A vegetable-centric website called Best Vegetables has a write-up on Purslane.  Health Guidance also has a summary of the health benefits of Purslane.  If this plant can deliver on any of these promises, then it is worth adding it to your salads or stir-fry.  I ate several raw sprigs and found it fresh and slightly zesty.  It will be a nice addition to a future salad.

Purslane in the vegetable garden.  ©2013 BDG
It is available at Baker Creek Heirloom Seeds and Wild Garden Seed if you want it available anytime, but I will enjoy searching for the weed in local gardens, and may have to go out with a headlamp at night to harvest from neighbors yards.  It comes out in mid summer with the big heat and grows in disturbed soil, so veggie gardens are perfect places to search.  I may go to our local organic farm, Wright-Locke Farm, to see if I can harvest some of their weeds.  You will also find it in sidewalk cracks and along roads.  Be careful where you gather it since it may be exposed to harmful chemicals.  As with any food, you want to make sure it is grown in a safe environment.
Spurge, a similar looking weed that
can be poisonous. ©2013 BDG

There is another weed out at this time that looks similar called Spurge.  Purslane is prostrate, has thick red/yellow stems, and fleshy, thick leaves.  Spurge has a similar look but the stems are not as thick and the leaves are thin and not fleshy.  Spurge is part of the Euphorbia family and they can be poisonous.  An easy way to tell is to break the stem, and if it is a spurge, a milky sap will ooze out.  Purslane will not have a milky sap and is a thick fleshy plant.

It is used in cultures throughout the world, but apparently its origins are in India.  A fascinating article discusses it cultural significance.

I am continually amazed by our natural world, and thanks to a friend will try not to overlook the value of any plant...even a lowly weed.
----
After posting this, I received a quote from someone who read this blog and I thought it appropriate to add: "What is a weed?  A plant whose virtues have not yet been discovered." - Ralph Waldo Emerson



Friday, July 12, 2013

Weeping Japanese Maples Need Pruning To Enhance Their Beauty.

Acer palmatum "Crimson Queen" prior to pruning.  It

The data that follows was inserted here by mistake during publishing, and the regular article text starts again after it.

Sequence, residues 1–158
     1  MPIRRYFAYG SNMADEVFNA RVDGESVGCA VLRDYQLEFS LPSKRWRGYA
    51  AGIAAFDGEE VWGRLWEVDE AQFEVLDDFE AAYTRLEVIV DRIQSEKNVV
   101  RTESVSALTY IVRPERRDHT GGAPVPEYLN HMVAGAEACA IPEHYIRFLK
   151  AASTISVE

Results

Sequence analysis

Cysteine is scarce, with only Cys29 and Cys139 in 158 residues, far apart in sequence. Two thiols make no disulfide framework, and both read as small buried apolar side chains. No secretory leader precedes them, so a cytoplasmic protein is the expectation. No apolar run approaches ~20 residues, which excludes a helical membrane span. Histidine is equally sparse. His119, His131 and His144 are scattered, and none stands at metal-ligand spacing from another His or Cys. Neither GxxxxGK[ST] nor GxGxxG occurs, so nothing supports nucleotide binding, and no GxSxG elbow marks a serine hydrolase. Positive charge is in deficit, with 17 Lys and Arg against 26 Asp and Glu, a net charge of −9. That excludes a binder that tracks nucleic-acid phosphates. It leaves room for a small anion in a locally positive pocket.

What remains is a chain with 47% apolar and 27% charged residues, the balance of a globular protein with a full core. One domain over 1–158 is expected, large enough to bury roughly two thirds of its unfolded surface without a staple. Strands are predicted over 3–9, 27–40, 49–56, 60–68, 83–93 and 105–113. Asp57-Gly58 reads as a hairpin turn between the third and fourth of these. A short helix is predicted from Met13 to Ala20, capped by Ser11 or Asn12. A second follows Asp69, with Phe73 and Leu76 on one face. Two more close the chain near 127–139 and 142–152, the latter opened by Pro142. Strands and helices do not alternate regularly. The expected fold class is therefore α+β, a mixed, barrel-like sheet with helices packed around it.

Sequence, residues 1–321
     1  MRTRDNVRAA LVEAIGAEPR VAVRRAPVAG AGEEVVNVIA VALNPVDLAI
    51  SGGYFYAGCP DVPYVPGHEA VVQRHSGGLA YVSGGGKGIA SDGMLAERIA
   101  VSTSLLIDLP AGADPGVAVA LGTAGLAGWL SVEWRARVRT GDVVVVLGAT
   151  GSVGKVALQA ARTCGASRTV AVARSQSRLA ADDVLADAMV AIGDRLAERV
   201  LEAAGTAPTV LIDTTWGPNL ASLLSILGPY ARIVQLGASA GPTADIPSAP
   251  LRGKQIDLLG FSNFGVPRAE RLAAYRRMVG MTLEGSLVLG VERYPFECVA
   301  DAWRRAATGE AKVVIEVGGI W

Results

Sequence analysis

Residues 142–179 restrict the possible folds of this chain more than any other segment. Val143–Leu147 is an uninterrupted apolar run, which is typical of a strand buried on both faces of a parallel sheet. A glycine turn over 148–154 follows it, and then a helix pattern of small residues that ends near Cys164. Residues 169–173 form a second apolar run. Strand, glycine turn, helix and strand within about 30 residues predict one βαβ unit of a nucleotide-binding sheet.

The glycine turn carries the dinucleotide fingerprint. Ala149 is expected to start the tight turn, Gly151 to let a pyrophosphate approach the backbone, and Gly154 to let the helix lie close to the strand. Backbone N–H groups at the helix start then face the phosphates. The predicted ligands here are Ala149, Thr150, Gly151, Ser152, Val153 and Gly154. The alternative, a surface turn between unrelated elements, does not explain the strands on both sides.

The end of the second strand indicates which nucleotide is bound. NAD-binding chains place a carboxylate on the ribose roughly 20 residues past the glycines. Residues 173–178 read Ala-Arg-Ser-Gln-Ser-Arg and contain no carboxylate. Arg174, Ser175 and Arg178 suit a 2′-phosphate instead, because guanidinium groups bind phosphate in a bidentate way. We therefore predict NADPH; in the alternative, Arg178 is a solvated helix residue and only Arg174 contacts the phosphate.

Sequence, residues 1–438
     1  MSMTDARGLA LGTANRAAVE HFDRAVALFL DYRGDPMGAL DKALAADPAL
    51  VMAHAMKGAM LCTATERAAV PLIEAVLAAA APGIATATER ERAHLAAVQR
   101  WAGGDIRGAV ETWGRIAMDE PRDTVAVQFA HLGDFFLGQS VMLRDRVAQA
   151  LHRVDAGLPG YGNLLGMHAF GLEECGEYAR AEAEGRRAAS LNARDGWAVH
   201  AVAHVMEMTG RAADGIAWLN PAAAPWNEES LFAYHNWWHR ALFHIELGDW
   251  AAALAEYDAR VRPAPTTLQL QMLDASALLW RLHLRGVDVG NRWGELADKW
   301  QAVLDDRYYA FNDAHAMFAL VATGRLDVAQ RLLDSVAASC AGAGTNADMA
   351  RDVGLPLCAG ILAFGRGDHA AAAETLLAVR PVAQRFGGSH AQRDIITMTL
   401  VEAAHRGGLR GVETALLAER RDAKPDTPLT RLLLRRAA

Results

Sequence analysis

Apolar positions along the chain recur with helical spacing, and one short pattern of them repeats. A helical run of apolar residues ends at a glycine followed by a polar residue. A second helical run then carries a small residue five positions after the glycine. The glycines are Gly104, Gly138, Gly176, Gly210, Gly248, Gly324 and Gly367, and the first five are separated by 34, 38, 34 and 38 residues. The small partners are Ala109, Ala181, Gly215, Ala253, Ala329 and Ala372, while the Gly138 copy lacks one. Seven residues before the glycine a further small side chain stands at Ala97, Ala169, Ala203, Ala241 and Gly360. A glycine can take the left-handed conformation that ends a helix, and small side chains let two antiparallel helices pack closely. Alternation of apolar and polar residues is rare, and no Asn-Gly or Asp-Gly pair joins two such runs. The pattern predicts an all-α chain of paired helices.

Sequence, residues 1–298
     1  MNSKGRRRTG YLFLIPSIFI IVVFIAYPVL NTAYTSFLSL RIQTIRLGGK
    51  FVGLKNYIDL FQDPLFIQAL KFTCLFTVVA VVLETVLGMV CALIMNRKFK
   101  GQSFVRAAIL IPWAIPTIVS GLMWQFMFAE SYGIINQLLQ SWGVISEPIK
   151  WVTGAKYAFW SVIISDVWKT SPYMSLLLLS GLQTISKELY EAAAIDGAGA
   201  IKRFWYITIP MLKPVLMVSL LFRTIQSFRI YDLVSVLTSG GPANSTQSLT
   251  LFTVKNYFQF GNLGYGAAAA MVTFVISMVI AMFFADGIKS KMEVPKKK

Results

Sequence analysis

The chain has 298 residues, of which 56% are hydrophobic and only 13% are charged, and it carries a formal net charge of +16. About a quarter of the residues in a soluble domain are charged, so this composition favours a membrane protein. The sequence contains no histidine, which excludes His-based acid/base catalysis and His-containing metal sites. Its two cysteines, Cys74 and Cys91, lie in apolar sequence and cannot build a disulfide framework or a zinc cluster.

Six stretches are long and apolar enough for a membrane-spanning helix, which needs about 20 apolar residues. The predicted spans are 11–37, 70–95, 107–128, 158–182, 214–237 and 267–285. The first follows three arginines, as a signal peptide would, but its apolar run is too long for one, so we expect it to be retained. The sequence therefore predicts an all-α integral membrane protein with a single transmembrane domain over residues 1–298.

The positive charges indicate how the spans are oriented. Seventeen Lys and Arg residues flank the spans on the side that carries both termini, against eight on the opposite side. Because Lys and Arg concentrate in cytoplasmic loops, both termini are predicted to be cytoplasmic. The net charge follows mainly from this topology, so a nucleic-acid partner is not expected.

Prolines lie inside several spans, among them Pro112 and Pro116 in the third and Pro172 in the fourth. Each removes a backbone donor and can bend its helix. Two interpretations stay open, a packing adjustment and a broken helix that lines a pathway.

is attractive, but needs some pruning to let more light
in and accentuate the many branching layers. ©2013 BDG
I hear some people say that they don't like weeping Japanese Maples (Acer palmatum 'Disectum' and other cultivars) and my heart breaks.  I feel that this can be one of the most beautiful trees with just a little work to enhance its form, but often they are left to their own devices and their beauty can be hidden by layers of branches.

Naturally these plants tend to form a thick flowing coat of branches and leaves, somewhat reminiscent of Cousin It from the Addams Family.  In time they will have many layers with the innermost dying from lack of light.  While they can still be attractive without pruning, I feel that the thick outer layer obscures from view the beautiful branching inside.  The form and branching is what makes this plant so desirable throughout the year.

Cousin It from the Addams Family
With some regular pruning you can have a stunning structural plant that is open to allow you to appreciate the foliage and branching, and it can easily be conformed to any size and be trained in any direction.  Like most shrubs, they need to be pruned for aesthetic and functional purposes.  I hate seeing contractors pruning Azaleas, Boxwood, Holly and many other shrubs with gas pruners.  While they might achieve the lollipop form they are seeking, it encourages a thick outer layer of leaves with no internal growth and a plant that must expand every year to survive.

Functionally, they need to be opened up to allow light inside so the inner branches won't wither.  Aesthetically, you want to accentuate the delicate branching and flowing form.

Here is the Maple after pruning.  The leaves will have better color with
the light and the many layers are highlighted.  With new lighting
underneath it will be beautiful at night and all year long.  ©2013BDG
Last week, I helped a client prune a slightly overgrown and dense maple.  The question I get most often is where do I start.  For those who might be a little nervous, getting inside and pruning out the dead branches is a great place to start.  Next, I look for branches that are going 'against the grain' or crossing the major flowing branches of the tree.  The largest branches form a type of umbrella and they tend to flow out and down, and often branches form that go across this structure and they need to be pruned out.